We were rewarded with breathtaking scenery. Every 50m higher we climbed the flora would change. New flowers that could not survive 50m lower appeared. We walked through clouds and rain forest. The second day however was 12 hours of stairs. You were either stepping up or stepping down. Nothing prepares you for it. We passed over three summits, the highest being at 4.215m above sea level called ‘Dead Woman’s Pass’. I could fully appreciate the sentiment. Day three starts at 04:30, so that you are in the queue for the final leg at 5.00.

After climbing an almost vertical staircase, with each step around knee height, we reached ‘the sun Gate’ where we could sit and wait for the clouds to blow over and deliver our long awaited view of Macchu Pichu. It was breathtaking and better than we could have expected.

Next on our trip were the floating islands of Uros on Lake Titicaca. An ancient civilization hunted by Incas and Collas has established their way of living on the floating reed islands. Children, with no adult supervision rowed boats to pick up their friends to take them to school. There were no lifejackets in the boats. Sink or swim. Imagine my surprise when I was walking around the reed huts and found solar panels to power the homes. Effective, clean and not wired to the mainland, it was a perfect solution.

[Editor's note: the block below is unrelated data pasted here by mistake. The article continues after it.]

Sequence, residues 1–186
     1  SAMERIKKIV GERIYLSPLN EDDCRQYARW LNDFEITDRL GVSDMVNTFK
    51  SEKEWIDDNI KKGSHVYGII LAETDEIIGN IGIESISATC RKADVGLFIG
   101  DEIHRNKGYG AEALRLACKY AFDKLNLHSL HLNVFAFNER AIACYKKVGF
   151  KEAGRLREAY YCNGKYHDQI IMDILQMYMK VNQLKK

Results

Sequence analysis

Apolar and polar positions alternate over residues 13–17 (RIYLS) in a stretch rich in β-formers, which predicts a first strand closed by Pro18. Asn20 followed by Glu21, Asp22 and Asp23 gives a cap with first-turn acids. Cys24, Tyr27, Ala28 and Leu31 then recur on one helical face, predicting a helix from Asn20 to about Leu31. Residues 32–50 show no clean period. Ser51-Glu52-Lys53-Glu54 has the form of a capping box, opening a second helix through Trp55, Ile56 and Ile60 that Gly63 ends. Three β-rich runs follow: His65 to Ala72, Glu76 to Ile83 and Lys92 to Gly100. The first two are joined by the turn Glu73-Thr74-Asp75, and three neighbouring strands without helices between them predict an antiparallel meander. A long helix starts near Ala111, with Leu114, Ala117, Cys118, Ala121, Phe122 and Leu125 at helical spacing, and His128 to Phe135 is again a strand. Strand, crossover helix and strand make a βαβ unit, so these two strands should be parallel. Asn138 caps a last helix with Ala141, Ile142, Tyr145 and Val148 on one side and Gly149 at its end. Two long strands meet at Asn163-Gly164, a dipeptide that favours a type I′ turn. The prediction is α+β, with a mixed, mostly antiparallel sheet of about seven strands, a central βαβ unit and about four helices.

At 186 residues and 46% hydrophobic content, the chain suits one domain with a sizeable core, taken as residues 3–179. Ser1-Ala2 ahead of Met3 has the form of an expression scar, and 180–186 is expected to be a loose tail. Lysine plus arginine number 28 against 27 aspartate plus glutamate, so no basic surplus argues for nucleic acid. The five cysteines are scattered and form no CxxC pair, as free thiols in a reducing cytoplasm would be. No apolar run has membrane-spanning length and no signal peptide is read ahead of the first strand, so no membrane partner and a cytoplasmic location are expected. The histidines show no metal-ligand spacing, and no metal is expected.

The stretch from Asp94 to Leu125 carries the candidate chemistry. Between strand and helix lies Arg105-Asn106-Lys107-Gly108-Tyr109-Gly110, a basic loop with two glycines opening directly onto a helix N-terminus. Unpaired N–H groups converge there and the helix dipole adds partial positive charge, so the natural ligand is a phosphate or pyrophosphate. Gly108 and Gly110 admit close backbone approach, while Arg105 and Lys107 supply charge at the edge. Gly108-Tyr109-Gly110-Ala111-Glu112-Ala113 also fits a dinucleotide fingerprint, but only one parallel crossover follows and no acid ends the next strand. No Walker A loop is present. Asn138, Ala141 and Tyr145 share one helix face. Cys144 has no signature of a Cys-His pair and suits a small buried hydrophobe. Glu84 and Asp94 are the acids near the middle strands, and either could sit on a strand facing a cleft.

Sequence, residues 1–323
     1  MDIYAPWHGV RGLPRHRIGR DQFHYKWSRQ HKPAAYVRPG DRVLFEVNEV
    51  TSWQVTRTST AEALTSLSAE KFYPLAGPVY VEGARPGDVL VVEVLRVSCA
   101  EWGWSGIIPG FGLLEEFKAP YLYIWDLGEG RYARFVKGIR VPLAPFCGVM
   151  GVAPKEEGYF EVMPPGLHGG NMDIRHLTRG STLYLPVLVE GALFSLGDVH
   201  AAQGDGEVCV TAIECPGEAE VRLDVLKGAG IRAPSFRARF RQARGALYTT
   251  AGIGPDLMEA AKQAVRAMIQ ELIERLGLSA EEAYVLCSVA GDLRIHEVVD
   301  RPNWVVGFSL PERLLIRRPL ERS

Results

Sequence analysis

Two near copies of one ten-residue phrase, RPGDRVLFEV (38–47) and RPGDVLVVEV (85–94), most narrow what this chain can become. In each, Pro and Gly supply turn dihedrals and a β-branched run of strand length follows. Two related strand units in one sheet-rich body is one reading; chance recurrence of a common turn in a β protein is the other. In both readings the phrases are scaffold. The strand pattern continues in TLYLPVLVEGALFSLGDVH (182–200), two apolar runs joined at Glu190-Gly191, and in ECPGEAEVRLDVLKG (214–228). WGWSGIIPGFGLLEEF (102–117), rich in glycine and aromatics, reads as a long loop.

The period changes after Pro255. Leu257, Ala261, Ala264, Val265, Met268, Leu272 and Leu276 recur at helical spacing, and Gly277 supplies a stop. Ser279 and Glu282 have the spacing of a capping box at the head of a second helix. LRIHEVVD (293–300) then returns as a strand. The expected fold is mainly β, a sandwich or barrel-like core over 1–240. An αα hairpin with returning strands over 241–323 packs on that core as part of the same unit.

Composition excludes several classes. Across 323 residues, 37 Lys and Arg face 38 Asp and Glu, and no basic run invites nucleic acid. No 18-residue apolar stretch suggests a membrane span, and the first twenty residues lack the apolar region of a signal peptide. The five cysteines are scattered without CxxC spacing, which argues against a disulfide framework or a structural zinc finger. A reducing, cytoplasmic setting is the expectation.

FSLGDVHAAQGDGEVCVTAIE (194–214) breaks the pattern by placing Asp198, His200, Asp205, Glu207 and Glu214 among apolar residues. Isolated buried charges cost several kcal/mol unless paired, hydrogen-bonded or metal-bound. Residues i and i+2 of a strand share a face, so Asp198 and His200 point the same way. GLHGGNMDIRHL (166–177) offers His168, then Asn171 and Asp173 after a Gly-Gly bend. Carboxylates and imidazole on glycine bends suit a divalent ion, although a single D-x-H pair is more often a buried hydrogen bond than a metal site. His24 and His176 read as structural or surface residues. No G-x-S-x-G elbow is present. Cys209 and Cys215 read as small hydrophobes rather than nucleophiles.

Last, but not least, was our Cessna flight over the Nazca lines. Scraped into the earth’s surface, the pictures can only be seen from a light aircraft. It’s not quite as easy as it sounds identifying the pictures, as they’re scattered in every direction. Like the pyramids in Egypt, they are linked with the stars, and Orion’s belt can be found passing through the waist of a picture of a monkey.

It was an amazing trip that was very rewarding and worth every cent. How much did we pay for this trip of a lifetime? Approximately R72 000 for the two of us. We would have liked to bring a bit more Rands spending money, as there were a few unexpected expenses.

Tips & hints
• Bolivia charges a R700 visa fee and it’s charged in US Dollars. If you don’t have US Dollars they charge ludicrous exchange rates on the local currency upon which you have already paid exchange rates when you converted your Rands.

• Test that you fit into your newly bought sleeping bag before you’re suffering from claustrophobia and altitude sickness in a small tent on the side of a mountain.

• Have enough money to tip everyone. The porters on the Inca Trail carry stoves on their backs and run up the path ahead of you to set up camp.

• Don’t film from the side of the boat over the river. If your battery falls off the camera into the water, there’s no way of getting another in the Amazon!

• Recharge your batteries fully before a four day hike, when the prize is at the end of the four days.

• Even on connecting flights in Brazil, be prepared to pay $30 for Airport tax!

Macchu Picchu: Built by the Incas, Found by Hiram Bingham, Conquered by me!

Brian Mallory is a sales trainer and sales consultant.